In honor of Pvt. Nathan R. Oakes, CSA

150 years ago, my great grandfather, Nathan Richardson Oakes, served as a private in Company D of the distinguished 32nd Mississippi Infantry Regiment in the Army of Tennessee. He participated in the great Civil War campaigns, including the battles of Perryville, Murfreesboro, Chickamauga, Atlanta, Franklin, Nashville, and Bentonville. I am writing about his engagements as well as some details about fighting for the Lost Cause. I hope to honor him and commemorate the events and individuals that contributed to making this a renowned unit in the Confederate Army of Tennessee.

Wednesday, October 8, 2014

Change of plans

While Confederate Gen. John B. Hood's Army of Tennessee was encamped at Palmetto, the general developed a plan, with President Davis's blessing, for the destruction of Union Gen. William T. Sherman's supply line to Tennessee. On October 1, 1864, Hood crossed his army over the Chattahoochee River to strike the Western & Atlantic Railroad at several places north of the river. The Confederates captured Federal garrisons at Big Shanty (Kennesaw) and Acworth. Another force attacked the Federals at Allatoona Pass.1

So far Hood's plan had been successful. October 5th, Sherman's force of about 40,000 men were on the move towards Hood's army, which hoped to give battle to the Yankee invaders.

However, on today's date in 1864, Hood had a change of heart and abandoned his original plan. He decided, instead, to strike the railroad north of the Etowah River. If Sherman didn't follow, but instead returned to Atlanta, Hood would pursue. Accordingly, Hood marched his army across the New Hope Church battle grounds toward the Alabama border at Cedartown, Georgia. At this point his supply line was stretched thin.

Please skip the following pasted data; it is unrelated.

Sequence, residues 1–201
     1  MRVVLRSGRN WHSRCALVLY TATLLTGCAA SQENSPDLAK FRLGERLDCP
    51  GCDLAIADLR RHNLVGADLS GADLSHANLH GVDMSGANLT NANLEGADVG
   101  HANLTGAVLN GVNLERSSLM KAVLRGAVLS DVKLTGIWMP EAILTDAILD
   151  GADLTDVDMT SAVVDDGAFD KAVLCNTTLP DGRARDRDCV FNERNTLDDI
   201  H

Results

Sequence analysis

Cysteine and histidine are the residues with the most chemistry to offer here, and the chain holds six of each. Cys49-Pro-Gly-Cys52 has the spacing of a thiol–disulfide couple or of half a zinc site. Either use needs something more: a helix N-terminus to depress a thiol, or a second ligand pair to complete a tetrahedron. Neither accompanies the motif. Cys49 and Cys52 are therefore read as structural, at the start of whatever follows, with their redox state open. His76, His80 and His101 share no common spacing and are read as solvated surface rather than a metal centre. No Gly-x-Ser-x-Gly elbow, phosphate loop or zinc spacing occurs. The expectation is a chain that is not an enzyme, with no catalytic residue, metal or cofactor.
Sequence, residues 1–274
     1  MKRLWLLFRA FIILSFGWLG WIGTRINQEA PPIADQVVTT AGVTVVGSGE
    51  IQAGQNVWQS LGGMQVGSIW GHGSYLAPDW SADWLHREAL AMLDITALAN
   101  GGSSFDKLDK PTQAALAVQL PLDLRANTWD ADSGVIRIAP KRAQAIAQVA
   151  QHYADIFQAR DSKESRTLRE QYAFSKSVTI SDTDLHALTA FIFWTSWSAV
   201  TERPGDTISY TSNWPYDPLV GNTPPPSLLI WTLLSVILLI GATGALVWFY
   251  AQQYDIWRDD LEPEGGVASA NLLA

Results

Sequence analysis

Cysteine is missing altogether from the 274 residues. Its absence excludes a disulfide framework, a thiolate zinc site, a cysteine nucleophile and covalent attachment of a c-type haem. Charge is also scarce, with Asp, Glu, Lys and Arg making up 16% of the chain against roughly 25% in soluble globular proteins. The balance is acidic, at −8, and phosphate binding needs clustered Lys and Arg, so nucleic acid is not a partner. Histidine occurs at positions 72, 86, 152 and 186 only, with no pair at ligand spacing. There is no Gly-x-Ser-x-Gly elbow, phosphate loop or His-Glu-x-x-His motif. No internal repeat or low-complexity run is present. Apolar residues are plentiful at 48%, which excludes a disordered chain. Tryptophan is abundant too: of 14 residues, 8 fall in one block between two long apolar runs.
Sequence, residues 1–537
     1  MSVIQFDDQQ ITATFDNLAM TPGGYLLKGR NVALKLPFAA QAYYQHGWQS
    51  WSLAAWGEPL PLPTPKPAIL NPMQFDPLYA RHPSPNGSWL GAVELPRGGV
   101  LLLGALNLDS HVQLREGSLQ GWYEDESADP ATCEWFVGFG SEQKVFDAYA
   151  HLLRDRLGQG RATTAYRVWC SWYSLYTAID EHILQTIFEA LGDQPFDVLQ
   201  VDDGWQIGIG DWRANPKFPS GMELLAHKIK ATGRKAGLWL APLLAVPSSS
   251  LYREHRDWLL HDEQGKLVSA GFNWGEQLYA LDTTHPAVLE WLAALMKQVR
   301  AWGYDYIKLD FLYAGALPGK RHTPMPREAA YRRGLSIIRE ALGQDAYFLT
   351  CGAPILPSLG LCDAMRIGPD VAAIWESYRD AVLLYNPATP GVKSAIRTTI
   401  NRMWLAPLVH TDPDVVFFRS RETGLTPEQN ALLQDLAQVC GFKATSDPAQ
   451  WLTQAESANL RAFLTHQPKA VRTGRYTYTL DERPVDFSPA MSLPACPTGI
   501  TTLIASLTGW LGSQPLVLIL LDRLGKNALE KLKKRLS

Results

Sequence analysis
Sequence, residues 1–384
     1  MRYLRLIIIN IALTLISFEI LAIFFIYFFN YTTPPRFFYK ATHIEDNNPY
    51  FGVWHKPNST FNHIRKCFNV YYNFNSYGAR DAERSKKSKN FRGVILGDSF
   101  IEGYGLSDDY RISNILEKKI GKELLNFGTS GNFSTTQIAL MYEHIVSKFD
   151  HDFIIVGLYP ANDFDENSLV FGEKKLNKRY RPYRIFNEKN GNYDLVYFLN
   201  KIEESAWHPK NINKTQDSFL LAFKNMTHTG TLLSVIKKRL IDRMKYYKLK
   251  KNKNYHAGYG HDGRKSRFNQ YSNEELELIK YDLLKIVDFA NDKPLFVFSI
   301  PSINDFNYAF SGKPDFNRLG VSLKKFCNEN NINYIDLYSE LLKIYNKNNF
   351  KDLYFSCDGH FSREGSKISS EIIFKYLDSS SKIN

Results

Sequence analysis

Almost immediately, Davis knew that Hood's offensive was in trouble. On the 9th, Gen. 
P.G.T. Beauregard,  the new commander of the Department of the West,2 met with Hood near Cedartown at Cave Spring. Apparently Hood misled Beauregard about his true plans for his campaign. Hood discussed his strategy for striking the railroad between Dalton and Resaca. Beauregard left with the impression that Hood would continue his operations around Gadsden, Alabama, and that he would remain in contact with Sherman's army. He would look for an opportunity to fight Sherman if his foe was so inclined, or follow him back to Atlanta.

Hood's real intention, however, seems to have been to push beyond Gadsden into Middle Tennessee.

1Maj. Gen. Samuel G. French led this attack at Allatoona. Demanding the surrender of the Federal troops there, French eventually was forced to withdraw when he learned that enemy reinforcements were on their way. The Federal commanding the besieged fort, Gen. John M. Corse sent a message, to which a reply came: "General Sherman says hold fast; we are coming." In 1870, Evangelist Peter P. Bliss wrote a hymn commemorating the battle entitled, "Hold the Fort, for I am Coming." The gospel song which invokes themes of Christian deliverance, has been sing in countless churches since, although few any longer know of its roots in this battle.
2Davis met with Beauregard in Augusta, Georgia, on October 2, as part of his visit to Hood's army at Palmetto. There Davis and gave Beauregard command of the newly created Department of the West, responsible for the five Southern states from Georgia to the Mississippi River, with the armies of Hood and Richard Taylor under his command. Beauregard would officially take command on October 17th. He later stated he didn't believe he had actual authority to order Hood at this point.

Source: Autumn of Glory, Thomas Lawrence Connelly; Hood's Campaign for Tennessee, William R. Scaife

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